Your leaking thatched hut during the restoration of a pre-Enlightenment state.


Hello, my name is Judas Gutenberg and this is my blaag (pronounced as you would the vomit noise "hyroop-bleuach").


decay & ruin
Biosphere II
dead malls
Irving housing

got that wrong

appropriate tech
Arduino μcontrollers
Backwoods Home
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Like my brownhouse:
   dock winterization, day 4
Sunday, November 20 2022

location: 800 feet west of Woodworth Lake, Fulton County, NY

Gretchen, the dogs, and I had our typical leisurely Sunday morning at the cabin, this time with the New York Times Spelling Bee written out on a piece of cardboard (one of the panagrams was "ebullient"). At some point braved the cold and howling winds to go outside, where I saw another accumulation of lake-effect snow on the solar panels. Eventually I found it in me to climb up on that roof to push the snow off the panels. Now that's an unpleasant task. Temperatures were still in the teens and the wind was blowing at something like 20 miles per hour, loud enough to make whistling sounds and instantly form drifts of blowing snow.
I had another unpleasant task left to do today, which I left to do after recovering from being on the roof. That involved returning to the lake with a jack and that 30 feet of chain I'd bought yesterday and trying to secure the fully-floating section of dock while also jacking it up so none of it dipped into the lake. Fortunately, the wind was much more subdued down at the lake, sheltered as it is by the steep slope leading down to its western shore. I actually found working down there somewhat pleasant, at least until another lake-effect snow squall commenced. I was easily able to reassert the come-along, which I just left in place after I pulled the dock uphill about a half inch. I then set concrete blocks in various places, jacked up the dock with the Forester's "pantograph" jack, and then placed other concrete blocks and pieces of dimensional wood in place to secure the dock at the jacked-to height. At one point I cranked the jack all the way to its vertical limit, which proved a bit unstable and the dock slipped off. But I'd already put blocks in place, so it couldn't fall more than about a half inch. Then I used the small electric chainsaw to cut pieces of hemlock trunk to various lengths and then used them to support the dock's wooden frame in various places. I'd been dealing with a paucity of dimensional lumber for use as supporting blocks, but, the lakeshore being completely wooded, there was an endless supply of lumber for making any sort of block I needed so long as I had a saw.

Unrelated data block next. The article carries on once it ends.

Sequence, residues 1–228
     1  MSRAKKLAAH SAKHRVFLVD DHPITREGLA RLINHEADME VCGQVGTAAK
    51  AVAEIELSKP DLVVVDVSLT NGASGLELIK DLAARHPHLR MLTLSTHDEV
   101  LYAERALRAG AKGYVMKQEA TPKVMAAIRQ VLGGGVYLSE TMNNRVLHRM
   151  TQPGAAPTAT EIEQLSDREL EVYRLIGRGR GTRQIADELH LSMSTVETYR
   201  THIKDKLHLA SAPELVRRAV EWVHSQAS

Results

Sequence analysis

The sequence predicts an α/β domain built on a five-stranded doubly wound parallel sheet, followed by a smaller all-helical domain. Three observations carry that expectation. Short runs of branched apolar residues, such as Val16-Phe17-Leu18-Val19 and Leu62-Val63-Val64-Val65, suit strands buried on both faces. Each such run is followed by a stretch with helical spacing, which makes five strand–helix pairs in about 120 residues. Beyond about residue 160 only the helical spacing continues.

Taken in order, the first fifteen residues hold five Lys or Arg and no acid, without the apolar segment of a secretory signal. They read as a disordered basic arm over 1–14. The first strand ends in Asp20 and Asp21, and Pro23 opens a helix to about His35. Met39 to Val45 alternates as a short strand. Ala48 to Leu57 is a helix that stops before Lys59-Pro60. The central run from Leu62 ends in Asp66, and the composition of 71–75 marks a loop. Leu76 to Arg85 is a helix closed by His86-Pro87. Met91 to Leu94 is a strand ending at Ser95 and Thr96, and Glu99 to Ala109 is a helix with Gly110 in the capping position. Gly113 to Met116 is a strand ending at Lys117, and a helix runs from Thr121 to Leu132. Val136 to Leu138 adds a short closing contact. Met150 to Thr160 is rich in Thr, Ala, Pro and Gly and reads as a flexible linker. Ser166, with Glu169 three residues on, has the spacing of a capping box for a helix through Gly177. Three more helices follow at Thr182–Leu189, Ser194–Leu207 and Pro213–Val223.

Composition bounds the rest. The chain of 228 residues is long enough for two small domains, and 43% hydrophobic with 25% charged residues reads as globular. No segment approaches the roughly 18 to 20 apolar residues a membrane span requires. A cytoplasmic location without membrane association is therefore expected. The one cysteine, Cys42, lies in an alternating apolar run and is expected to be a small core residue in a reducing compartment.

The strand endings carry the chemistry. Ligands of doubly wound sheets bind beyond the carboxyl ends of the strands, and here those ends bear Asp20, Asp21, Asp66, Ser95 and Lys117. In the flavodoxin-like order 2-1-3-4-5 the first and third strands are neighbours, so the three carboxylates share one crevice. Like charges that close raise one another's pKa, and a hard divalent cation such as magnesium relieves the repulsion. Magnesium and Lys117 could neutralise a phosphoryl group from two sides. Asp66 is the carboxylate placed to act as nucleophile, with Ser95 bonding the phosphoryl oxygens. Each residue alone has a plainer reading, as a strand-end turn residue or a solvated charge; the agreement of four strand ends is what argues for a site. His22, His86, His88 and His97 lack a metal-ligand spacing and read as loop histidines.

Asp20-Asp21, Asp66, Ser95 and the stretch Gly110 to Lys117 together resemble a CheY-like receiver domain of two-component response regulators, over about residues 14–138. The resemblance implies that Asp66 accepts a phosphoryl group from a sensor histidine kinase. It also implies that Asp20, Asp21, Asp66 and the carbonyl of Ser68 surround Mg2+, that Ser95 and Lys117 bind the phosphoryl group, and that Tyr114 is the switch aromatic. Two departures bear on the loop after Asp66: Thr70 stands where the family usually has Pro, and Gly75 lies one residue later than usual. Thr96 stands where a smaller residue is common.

As I worked, I saw several groups of ducks on the lake. Initially some had been near our dock and flown to the lake's east side and landed there. Later I saw a larger group of ducks to the southeast. Based on their size and coloration, I think they were buffleheads, which I'd seen last year on the lake beginning in October (though they probably leave once the lake freezes over).
After I'd gotten the lowest part of the dock a couple inches above the lake's surface, I celebrated my victory by cracking open a Sam Adams Wicked Hazy IPA, which wasn't as bad as I remembered them being after I'd drunk my first one. (I've found that I usually don't enjoy the second road beer of a long drive anywhere near as much as the first.)
Back at the cabin, I gradually ramped up my end-of-the-weekend routine of cleaning and straightening things out. Usually this involves making all the beds, but I left the downstairs bed I'd been sleeping on (Gretchen mostly sleeps upstairs) stripped so the wet spots from my attempts to clean up Neville's urine could dry.
I baked another frozen pizza and slowly ate most of it, though it was an Amy's pizza, and there's just something wrong with all Amy's products, and I couldn't eat the last two pieces, so these lingered on the counter while I washed the dishes and Gretchen decided what needed to go back to Hurley so we could begin downsizing the cabin's perishable food stockpile before winter. "We have five kinds of mustard!" Gretchen announced with dismay. This is a lot considering, as Gretchen pointed out, that I only really eat Grey Poupon. "I think Grey Poupon may be my only brand loyalty," I mused. Then that pop song "Dynamite" by Taio Cruz popped into my head. It's the song where Taio sings about putting his hands up in the air sometimes and wearing his favorite brands. He doesn't say what the brands are, but he says the word "brands" four times in a row. This has always struck me as an admission of materialism for materialism's sake alone. The fact that Grey Poupon is my only brand loyalty says everything you need to know about what I think of this lyric. But it is a catchy tune, even if I mostly just sing the "brands brands brands brands" part, and then only ironically.